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New Texas School Assessment law takes effect, others pending federal approval
EL PASO, Texas -
The number of State of Texas Assessments of Academic Readiness tests is reduced from 15 to five by a new law, which takes effect this school year.
Students must pass these tests to graduate high school.
"It's better for the kids. They don't have to worry much 'I have a test. I have a test,'" Tasha Riley, parent of an EPISD student, said.
"It feels great we don't have to take as many tests," Eastlake High School student Devon Riley said.
The President of El Paso's Teacher Assocation agrees.
"It got to the point where teachers were teaching the test. And if anyone says different they are lying," Norma De La Rose of the EPTA said.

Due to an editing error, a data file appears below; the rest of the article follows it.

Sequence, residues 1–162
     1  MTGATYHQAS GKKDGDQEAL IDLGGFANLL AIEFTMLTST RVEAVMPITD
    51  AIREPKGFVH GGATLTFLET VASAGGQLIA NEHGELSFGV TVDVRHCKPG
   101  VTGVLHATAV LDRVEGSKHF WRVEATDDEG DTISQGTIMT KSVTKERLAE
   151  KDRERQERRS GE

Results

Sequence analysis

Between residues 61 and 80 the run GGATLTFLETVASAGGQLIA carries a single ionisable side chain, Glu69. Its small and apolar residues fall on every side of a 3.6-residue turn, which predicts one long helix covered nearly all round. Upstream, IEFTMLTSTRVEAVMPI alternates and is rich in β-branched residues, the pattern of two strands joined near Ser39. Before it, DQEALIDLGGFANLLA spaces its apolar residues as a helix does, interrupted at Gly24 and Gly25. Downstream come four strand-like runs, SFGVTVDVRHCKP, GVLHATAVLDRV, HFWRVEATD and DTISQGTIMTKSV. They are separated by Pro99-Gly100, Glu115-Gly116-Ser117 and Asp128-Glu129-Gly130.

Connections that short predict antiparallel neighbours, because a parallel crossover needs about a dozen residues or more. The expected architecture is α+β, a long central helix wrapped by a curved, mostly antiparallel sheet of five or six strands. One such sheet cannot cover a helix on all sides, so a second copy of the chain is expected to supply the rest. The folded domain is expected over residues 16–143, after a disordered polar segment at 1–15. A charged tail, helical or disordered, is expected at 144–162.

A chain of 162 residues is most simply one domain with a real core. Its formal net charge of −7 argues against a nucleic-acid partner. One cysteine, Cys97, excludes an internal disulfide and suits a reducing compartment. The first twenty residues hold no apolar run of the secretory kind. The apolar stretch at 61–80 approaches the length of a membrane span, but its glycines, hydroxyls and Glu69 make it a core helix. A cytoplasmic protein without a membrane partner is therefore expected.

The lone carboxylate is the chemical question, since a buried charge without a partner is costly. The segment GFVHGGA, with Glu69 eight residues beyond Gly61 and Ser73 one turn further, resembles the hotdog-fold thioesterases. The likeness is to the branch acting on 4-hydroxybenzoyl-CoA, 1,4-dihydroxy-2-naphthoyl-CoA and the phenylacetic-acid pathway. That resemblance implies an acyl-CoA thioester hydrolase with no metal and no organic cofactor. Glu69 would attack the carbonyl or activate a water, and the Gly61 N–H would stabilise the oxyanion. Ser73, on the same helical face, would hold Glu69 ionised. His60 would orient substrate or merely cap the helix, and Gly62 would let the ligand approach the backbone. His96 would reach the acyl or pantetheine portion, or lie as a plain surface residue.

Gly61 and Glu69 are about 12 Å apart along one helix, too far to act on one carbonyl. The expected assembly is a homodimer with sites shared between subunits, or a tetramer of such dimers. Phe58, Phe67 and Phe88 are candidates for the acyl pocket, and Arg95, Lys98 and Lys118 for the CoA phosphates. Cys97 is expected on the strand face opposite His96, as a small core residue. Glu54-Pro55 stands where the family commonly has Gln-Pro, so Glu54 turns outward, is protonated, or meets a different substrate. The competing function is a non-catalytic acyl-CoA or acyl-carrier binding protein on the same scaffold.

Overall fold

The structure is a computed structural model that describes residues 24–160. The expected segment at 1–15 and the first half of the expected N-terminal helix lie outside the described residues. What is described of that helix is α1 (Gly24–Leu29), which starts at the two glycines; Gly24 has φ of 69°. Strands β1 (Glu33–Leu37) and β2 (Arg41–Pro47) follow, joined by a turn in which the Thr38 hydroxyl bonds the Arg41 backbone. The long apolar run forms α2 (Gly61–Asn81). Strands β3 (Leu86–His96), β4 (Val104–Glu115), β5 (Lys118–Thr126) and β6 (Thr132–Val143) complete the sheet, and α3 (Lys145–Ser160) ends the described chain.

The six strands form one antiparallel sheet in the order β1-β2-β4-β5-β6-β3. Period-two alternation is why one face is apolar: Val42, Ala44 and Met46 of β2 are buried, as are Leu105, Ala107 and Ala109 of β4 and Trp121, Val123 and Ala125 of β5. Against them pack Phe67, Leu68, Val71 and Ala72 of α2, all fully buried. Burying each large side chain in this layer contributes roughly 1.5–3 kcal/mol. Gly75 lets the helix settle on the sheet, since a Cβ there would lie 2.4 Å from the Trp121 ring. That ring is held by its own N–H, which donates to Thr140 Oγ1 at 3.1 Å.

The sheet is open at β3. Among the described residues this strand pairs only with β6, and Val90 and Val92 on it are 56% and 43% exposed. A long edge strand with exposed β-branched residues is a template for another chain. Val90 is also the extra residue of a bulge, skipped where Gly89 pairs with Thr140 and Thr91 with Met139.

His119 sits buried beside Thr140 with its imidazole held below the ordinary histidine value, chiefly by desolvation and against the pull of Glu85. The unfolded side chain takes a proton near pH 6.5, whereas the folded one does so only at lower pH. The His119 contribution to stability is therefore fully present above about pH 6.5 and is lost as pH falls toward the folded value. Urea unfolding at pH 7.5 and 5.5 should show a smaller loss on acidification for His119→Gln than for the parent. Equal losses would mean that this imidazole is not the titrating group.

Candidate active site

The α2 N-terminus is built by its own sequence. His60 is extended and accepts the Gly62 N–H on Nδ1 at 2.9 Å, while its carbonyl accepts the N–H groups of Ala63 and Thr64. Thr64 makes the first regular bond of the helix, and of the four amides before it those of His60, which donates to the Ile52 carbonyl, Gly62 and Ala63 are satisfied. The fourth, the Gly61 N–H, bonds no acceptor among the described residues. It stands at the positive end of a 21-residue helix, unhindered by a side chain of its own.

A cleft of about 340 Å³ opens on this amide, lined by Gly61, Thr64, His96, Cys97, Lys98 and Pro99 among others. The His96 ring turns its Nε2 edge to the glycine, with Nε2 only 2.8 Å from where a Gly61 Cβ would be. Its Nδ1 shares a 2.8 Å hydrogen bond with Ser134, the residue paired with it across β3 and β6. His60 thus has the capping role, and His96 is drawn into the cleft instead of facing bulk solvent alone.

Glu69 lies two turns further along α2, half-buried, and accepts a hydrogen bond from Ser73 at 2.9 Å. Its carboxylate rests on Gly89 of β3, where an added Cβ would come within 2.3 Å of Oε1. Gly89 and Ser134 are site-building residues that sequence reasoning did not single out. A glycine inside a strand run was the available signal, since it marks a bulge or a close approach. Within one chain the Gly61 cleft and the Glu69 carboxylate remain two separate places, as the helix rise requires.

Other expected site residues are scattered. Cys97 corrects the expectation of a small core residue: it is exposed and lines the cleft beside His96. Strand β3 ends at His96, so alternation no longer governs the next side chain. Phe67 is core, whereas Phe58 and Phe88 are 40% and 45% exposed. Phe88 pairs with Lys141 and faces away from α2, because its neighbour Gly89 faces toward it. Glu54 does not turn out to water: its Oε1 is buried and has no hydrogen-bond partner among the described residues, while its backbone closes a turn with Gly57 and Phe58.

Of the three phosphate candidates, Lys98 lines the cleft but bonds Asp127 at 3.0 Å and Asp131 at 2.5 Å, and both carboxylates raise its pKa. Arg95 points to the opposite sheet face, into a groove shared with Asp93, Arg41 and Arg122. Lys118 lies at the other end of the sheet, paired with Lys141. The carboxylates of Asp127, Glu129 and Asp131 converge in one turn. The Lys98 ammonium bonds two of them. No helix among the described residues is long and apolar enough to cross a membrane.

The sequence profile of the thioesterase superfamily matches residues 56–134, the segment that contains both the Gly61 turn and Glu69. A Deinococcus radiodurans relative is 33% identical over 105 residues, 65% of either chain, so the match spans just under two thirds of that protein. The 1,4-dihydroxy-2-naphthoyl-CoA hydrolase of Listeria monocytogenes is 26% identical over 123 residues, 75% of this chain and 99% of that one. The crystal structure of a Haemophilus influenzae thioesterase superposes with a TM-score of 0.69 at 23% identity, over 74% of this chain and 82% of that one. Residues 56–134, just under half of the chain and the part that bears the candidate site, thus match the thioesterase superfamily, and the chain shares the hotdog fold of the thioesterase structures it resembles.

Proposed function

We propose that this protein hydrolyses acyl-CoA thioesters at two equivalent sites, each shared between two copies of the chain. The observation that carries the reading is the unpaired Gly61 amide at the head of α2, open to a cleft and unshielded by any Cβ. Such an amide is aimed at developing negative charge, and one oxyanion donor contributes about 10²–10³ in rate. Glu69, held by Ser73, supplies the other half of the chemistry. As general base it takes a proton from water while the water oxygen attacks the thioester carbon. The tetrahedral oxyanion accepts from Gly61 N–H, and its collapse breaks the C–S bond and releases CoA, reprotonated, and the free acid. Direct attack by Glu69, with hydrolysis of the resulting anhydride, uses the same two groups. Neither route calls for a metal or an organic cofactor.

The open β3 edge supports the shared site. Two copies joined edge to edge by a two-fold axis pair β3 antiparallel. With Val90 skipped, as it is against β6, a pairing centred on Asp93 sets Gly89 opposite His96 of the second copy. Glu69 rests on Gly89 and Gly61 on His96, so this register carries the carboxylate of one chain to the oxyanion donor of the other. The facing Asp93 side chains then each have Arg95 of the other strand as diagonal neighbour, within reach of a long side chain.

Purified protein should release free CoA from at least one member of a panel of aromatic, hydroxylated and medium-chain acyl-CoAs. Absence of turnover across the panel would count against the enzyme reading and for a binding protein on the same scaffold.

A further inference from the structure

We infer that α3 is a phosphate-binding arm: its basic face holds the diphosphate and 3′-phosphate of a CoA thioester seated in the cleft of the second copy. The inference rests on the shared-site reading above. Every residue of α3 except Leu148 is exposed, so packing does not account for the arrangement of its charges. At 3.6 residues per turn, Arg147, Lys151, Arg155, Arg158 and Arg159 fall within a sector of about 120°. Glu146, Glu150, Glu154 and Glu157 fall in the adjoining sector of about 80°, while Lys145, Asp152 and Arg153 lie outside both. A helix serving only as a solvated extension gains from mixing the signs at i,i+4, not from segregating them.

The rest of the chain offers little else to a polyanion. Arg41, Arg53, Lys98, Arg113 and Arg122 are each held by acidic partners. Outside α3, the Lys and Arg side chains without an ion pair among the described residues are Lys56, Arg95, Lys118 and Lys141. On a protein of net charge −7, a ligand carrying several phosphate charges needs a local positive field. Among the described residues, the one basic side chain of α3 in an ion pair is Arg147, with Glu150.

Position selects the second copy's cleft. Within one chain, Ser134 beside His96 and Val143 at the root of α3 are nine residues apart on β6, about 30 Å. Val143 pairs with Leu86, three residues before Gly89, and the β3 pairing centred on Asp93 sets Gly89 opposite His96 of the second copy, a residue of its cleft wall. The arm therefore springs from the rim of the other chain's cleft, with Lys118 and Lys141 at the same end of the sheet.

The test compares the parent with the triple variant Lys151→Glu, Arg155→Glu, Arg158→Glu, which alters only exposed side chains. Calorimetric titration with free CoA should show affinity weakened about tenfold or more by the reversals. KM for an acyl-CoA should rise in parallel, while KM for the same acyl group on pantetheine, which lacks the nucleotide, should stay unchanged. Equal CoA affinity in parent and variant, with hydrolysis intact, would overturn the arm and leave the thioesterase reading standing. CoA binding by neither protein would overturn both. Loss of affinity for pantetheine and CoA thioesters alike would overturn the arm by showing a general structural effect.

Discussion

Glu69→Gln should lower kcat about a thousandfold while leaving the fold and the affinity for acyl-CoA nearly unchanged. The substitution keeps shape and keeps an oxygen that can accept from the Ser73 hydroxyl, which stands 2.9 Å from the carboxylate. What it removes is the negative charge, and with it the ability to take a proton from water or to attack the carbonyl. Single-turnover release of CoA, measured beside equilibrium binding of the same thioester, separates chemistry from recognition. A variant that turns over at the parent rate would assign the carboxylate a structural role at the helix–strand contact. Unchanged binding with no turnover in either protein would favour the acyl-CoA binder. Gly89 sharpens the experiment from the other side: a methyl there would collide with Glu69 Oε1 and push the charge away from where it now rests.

It's easy to see why De La Rose believes that.
Texas, by 2011, had the most standardized test of any state at 15 in total.
This new bill reduces the quantity of STARR tests, which now ask questions on algebra I, English I, English II, biology and U.S. history.
The hope for parents, teachers and lawmakers is to allow students to concentrate more on what's being taught in the classroom that focusing what will be asked on a test.